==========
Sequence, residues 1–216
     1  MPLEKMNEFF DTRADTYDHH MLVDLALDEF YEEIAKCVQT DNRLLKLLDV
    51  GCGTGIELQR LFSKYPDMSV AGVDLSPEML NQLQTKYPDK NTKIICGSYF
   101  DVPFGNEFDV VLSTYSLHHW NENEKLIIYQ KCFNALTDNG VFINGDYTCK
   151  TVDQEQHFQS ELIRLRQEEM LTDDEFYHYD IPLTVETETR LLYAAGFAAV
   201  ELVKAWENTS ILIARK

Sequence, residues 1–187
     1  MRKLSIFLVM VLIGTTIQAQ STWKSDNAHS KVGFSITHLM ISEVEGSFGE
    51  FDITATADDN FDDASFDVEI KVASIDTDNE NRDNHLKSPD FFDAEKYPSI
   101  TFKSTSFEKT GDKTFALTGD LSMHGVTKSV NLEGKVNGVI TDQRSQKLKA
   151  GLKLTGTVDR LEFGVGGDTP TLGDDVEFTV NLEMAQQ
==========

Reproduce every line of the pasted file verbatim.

Sequence, residues 1–216
     1  MPLEKMNEFF DTRADTYDHH MLVDLALDEF YEEIAKCVQT DNRLLKLLDV
    51  GCGTGIELQR LFSKYPDMSV AGVDLSPEML NQLQTKYPDK NTKIICGSYF
   101  DVPFGNEFDV VLSTYSLHHW NENEKLIIYQ KCFNALTDNG VFINGDYTCK
   151  TVDQEQHFQS ELIRLRQEEM LTDDEFYHYD IPLTVETETR LLYAAGFAAV
   201  ELVKAWENTS ILIARK

Sequence, residues 1–187
     1  MRKLSIFLVM VLIGTTIQAQ STWKSDNAHS KVGFSITHLM ISEVEGSFGE
    51  FDITATADDN FDDASFDVEI KVASIDTDNE NRDNHLKSPD FFDAEKYPSI
   101  TFKSTSFEKT GDKTFALTGD LSMHGVTKSV NLEGKVNGVI TDQRSQKLKA
   151  GLKLTGTVDR LEFGVGGDTP TLGDDVEFTV NLEMAQQ